On Sunday, April 4th, many around the globe celebrated Easter. Well, here in Spain, Pascua or Easter is more than a day, it is a long weekend event and lasts through Monday. I get the feeling that Easter is a more important celebration in other regions of Spain. It is important in Catalunya, but does not seem to have the prominence in the community that you hear about in Seville and Malaga.
Palma Blanca Artisans | Photo: Diaro Informacion
Typically, schools are closed during Semana Santa (Holy Week) - the week preceding Easter Sunday. Semana Santa begins with Domingo de Ramos (Palm Sunday). Prior to Palm Sunday, throughout the city, you will see people selling elaborate scultpures made from palm fronds. And to think I was impressed with my mom making a cross out of our palms from Palm Sunday as a child!
Jueves Santo (Maundy Thursday/ The Last Supper) is a public holiday in Spain. Some travel guides state that it is not observed in Catalunya, however some places of businesses were closed or were only open in the morning.
Viernes Santo (Good Friday) is a public holiday as well (in fact, many companies are closed entirely during Semana Santa). Catholics are not supposed to eat meat on Fridays during Lent (some avoid meat on all Fridays and some only on Good Friday). Lines at the fishmongers were especially long during Semana Santa. On Good Friday, the famous processions of hooded penitents carrying crosses representing the death of Jesus take place. Cities in the south of Spain are known for large processions and people even camp out over night for good viewing spot. Barcelona held two Viernes Santo processions.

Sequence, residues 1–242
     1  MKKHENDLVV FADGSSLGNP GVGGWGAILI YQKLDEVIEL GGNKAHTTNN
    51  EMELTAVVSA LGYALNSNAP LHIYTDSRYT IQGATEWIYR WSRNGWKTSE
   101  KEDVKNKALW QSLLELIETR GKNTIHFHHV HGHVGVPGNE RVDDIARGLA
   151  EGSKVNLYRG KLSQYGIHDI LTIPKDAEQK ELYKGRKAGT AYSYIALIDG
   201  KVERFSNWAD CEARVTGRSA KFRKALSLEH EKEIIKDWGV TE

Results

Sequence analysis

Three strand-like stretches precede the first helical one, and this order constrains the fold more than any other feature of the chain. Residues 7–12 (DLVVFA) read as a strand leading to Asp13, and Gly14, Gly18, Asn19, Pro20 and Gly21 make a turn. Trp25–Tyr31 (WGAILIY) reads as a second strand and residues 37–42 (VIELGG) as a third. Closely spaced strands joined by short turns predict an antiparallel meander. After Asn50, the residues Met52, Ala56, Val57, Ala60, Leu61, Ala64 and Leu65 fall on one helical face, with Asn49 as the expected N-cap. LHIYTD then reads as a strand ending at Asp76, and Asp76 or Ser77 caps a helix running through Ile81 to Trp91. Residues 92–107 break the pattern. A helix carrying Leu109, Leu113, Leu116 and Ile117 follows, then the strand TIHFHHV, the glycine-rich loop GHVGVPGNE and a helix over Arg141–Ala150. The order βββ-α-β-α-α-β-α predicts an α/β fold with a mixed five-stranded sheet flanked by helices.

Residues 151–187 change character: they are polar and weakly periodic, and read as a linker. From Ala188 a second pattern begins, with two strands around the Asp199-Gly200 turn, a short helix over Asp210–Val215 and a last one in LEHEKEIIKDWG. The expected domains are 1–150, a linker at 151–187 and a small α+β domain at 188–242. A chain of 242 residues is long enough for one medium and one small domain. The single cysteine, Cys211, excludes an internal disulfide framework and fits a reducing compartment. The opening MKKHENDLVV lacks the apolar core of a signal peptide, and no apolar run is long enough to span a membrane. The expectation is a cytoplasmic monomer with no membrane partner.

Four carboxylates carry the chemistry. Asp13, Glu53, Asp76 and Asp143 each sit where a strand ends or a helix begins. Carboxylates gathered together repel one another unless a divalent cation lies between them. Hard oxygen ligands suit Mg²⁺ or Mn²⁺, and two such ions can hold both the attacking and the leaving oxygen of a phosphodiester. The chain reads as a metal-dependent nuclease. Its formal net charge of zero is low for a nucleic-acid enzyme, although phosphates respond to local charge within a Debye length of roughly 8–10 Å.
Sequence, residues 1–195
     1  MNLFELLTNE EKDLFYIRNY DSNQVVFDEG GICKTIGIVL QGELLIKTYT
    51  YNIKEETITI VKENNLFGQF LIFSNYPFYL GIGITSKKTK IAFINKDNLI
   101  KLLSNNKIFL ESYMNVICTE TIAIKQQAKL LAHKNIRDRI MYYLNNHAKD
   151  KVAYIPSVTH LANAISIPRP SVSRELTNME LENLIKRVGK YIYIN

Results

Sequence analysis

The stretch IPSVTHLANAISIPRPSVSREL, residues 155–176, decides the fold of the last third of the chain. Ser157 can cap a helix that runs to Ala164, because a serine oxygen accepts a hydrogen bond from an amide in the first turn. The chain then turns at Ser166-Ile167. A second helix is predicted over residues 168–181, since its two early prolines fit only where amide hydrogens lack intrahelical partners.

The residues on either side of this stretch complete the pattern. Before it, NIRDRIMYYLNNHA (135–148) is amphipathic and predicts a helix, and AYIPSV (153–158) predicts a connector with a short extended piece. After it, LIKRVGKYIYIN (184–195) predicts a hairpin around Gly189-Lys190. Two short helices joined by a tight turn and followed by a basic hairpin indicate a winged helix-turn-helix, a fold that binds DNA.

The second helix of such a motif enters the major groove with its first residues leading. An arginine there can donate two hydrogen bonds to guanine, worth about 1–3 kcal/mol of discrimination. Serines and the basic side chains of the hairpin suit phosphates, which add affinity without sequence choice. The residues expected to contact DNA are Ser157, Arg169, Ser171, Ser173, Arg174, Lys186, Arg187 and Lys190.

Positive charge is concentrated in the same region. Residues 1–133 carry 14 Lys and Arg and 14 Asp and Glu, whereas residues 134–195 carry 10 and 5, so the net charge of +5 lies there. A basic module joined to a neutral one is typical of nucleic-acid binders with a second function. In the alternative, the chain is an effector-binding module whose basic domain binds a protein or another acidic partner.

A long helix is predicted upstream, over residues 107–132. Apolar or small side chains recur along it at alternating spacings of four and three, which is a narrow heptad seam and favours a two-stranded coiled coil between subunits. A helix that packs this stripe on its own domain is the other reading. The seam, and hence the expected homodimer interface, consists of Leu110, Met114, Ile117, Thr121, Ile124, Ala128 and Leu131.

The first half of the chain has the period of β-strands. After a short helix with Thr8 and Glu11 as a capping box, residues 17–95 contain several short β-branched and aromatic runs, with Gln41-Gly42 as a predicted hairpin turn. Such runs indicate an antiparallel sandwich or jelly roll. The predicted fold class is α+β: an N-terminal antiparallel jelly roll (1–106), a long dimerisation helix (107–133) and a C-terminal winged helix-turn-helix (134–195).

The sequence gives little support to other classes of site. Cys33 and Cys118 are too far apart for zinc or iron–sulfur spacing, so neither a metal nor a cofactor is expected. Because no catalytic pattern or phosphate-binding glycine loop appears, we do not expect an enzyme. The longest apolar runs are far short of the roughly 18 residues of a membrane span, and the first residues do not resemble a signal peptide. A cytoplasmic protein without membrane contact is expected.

Good Friday Procession | Photo: ACA Cofradia Hospitalet de Llobregat Barcelona
Pascua (Easter Sunday)
Pascua Procession | Photo: ACA Cofradia Hospitalet de Llobregat Barcelona
On Pascua (Easter Sunday) hoods are removed during the day's processions as Catholics rejoice the resurrection of Jesus. Families gather for meals and enjoy many sweet treats as Lent is officially over.
Pascua Lunes (Easter Monday) is a public holiday in Catalunya, but supposedly not the rest of Spain (they had Thursday and Friday off, Catalans get Friday and Monday). I am not quite sure what Monday is about and why it is a holiday?
:: Easter Food ::
However, the real stars of the Pascua meal are the sweets! La Mona de Pascua is an Easter cake made with eggs that were supposed to be saved during Lent (I wonder if anyone really does this anymore?). In bakeries, I saw some simple Monas de Pascua that looked like the figure eight style in the first photo or a plain ring with a few toppings. More prolific are the feathered and heavily-decorated cakes similar to the second photo. Traditionally, Godparents give their godchildren a mona for Pascua.
Bunyols | Photo: XTEC Malegret
Bunyols/Buñuelos (recipe in Catalan) are one of my favorite Easter treats. These fried doughnuts remind me of the Portuguese Fillozes that I grew up eating on Madri Gras. Definitely forbidden during Lent, I was surprised to see these at bakeries throughout the Lenten season (and I definitely made up for all my past restraint and nibbled one whenever I could!)